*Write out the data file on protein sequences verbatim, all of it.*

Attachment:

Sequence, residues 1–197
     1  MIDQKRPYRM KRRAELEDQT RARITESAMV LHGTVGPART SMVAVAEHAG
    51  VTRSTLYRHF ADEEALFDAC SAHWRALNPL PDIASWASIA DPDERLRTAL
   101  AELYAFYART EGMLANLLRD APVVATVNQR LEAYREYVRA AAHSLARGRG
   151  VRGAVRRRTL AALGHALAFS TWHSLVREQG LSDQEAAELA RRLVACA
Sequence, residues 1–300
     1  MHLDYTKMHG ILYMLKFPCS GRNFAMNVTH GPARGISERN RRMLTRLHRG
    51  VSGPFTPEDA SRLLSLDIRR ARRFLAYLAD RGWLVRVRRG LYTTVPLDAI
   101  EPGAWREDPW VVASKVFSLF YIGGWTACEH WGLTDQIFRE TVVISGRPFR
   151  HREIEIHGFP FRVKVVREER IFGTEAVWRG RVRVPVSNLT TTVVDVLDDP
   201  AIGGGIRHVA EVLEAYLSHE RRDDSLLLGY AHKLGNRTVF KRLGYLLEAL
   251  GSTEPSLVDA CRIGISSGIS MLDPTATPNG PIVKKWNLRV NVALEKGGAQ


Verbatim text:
Sequence, residues 1–197
     1  MIDQKRPYRM KRRAELEDQT RARITESAMV LHGTVGPART SMVAVAEHAG
    51  VTRSTLYRHF ADEEALFDAC SAHWRALNPL PDIASWASIA DPDERLRTAL
   101  AELYAFYART EGMLANLLRD APVVATVNQR LEAYREYVRA AAHSLARGRG
   151  VRGAVRRRTL AALGHALAFS TWHSLVREQG LSDQEAAELA RRLVACA
Sequence, residues 1–300
     1  MHLDYTKMHG ILYMLKFPCS GRNFAMNVTH GPARGISERN RRMLTRLHRG
    51  VSGPFTPEDA SRLLSLDIRR ARRFLAYLAD RGWLVRVRRG LYTTVPLDAI
   101  EPGAWREDPW VVASKVFSLF YIGGWTACEH WGLTDQIFRE TVVISGRPFR
   151  HREIEIHGFP FRVKVVREER IFGTEAVWRG RVRVPVSNLT TTVVDVLDDP
   201  AIGGGIRHVA EVLEAYLSHE RRDDSLLLGY AHKLGNRTVF KRLGYLLEAL
   251  GSTEPSLVDA CRIGISSGIS MLDPTATPNG PIVKKWNLRV NVALEKGGAQ